The momentum propelling Republicans to a likely majority in the U.S. House next week stems in part from Tea Party anger about the U.S. government’s bailout of Wall Street. But in a head-spinning paradox, Salon’s Andrew Leonard tells how those same rescued banks are now bankrolling GOP candidates who declare they will never support another bailout – even though the original $700 billion TARP program was a Republican plan and signed into law by a Republican president.
The anticipated shift in control of the House puts Republican Spencer Bachus in line for chairman of the House Financial Services Committee. The Alabama lawmaker has already said he wants to eliminate the power the Dodd-Frank law gave to regulators to liquidate Too-Big-To-Fail banks. Bachus may also decide to use committee hearings to apply pressure to the SEC, FDIC, and other regulators are they hurry to write scores of new regulations required by Dodd-Frank.
Bachus back in the good graces of Republican leadership
Becoming chairman of the House Financial Services Committee would mark a comeback for Spencer Bachus after a political stumble among the House Republican leadership two years ago. Bloomberg’s Phil Mattingly and Clea Benson report that Bachus, 62, was expected to lead his party’s negotiations in 2008 on the $700 billion bank bailout program but was removed from the role after other top Republicans lost confidence in him.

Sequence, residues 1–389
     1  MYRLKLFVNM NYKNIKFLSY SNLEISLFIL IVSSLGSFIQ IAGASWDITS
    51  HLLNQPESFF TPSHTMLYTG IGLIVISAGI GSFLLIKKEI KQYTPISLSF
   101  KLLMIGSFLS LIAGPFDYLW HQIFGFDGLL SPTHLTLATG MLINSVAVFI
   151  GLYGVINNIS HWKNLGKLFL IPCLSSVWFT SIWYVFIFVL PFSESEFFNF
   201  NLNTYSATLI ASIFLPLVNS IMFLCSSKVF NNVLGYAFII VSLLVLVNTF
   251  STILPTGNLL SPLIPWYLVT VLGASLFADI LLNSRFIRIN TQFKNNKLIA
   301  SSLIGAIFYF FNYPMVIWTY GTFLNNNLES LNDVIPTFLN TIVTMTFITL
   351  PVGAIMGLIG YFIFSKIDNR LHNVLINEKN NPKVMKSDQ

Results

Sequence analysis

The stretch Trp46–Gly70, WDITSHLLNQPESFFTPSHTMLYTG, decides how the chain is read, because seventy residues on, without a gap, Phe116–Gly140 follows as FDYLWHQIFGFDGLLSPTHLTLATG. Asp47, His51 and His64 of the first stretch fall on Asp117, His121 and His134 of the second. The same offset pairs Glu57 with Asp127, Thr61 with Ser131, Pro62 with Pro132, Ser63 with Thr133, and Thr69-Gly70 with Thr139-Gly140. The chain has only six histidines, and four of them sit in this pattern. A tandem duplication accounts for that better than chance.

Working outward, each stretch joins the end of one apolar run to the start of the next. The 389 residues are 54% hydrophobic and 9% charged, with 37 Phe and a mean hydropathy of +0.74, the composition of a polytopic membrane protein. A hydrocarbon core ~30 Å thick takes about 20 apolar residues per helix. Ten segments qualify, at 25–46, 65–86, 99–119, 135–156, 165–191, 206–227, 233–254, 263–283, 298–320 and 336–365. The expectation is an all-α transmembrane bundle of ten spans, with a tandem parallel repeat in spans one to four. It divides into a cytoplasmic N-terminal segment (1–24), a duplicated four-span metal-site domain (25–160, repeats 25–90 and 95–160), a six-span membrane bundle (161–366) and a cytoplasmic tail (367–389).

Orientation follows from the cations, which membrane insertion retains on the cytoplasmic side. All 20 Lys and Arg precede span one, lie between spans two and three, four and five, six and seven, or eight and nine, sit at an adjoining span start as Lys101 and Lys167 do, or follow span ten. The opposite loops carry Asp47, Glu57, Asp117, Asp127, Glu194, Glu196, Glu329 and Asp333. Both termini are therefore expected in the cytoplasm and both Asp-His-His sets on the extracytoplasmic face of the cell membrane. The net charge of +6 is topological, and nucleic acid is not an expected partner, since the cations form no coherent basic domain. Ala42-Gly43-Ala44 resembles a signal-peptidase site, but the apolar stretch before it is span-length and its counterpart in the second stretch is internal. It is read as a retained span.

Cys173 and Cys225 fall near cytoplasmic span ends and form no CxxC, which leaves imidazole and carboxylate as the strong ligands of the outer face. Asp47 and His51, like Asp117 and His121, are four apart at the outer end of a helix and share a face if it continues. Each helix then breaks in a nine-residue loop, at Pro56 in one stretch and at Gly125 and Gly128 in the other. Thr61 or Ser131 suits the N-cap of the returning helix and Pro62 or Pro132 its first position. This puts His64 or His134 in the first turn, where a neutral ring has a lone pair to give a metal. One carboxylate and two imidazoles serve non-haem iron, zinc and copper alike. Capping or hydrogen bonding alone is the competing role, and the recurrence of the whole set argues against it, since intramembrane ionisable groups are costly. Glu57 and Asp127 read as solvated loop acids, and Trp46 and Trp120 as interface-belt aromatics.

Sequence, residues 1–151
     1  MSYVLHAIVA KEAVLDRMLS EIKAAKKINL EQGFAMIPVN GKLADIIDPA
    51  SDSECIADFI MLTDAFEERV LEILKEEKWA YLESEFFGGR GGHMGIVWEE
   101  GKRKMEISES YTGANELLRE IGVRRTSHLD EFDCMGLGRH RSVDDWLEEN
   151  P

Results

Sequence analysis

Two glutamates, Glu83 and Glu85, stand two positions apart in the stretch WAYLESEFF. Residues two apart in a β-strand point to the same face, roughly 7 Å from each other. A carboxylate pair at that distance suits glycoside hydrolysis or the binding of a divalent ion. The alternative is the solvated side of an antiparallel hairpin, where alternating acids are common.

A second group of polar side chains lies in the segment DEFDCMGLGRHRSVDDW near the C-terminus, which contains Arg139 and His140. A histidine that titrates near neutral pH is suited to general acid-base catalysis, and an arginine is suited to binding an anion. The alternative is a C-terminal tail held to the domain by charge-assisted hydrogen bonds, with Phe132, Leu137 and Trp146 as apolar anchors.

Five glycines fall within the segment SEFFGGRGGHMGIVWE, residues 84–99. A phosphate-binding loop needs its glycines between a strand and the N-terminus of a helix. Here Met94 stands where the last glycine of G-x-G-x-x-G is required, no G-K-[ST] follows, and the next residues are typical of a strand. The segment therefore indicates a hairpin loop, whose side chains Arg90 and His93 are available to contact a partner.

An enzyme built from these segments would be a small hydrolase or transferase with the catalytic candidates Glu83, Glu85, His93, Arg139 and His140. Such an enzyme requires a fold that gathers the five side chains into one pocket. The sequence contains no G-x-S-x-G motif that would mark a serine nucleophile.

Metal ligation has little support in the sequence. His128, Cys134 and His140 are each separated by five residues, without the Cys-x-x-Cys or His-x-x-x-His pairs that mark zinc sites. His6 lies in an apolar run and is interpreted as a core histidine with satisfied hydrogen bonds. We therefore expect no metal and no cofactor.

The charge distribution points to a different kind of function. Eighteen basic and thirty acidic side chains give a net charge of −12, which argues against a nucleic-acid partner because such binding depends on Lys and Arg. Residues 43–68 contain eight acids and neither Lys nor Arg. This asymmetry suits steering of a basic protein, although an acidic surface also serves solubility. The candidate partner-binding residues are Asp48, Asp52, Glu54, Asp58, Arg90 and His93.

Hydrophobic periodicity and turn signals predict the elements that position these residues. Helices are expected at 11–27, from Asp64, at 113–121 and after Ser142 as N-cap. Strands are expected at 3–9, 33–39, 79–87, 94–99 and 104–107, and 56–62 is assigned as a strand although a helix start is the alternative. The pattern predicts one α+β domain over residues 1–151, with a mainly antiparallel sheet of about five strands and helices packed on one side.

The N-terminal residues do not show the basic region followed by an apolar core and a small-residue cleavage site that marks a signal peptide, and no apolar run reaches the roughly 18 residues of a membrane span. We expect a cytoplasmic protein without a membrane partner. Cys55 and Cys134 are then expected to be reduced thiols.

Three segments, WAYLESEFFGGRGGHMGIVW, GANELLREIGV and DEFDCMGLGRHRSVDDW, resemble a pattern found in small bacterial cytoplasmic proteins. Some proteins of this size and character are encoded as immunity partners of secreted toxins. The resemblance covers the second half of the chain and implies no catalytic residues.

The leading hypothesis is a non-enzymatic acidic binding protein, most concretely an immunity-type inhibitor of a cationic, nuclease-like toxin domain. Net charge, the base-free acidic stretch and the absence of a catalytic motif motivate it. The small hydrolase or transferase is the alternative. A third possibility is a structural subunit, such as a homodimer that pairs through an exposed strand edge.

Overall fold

If Bachus wins the chairmanship – which would be decided by the House Republican leadership after the election – he would likely ramp up his criticism of Elizabeth Warren, the Harvard law professor and special adviser to the White House on setting up the new Consumer Protection Financial Bureau.
United about credit ratings
They’re not exactly singing “kumbaya” around the campfire, but banks, regulators, and even some consumer groups agree that Congress should scale back a ban on banks using credit raters until a more workable plan is ready. Reuters’ Dave Clarke reports that if banks can’t use credit rating agencies to assess state and corporate debt, they may stop buying them because it will be too difficult to prove to regulators that the investments are low risk.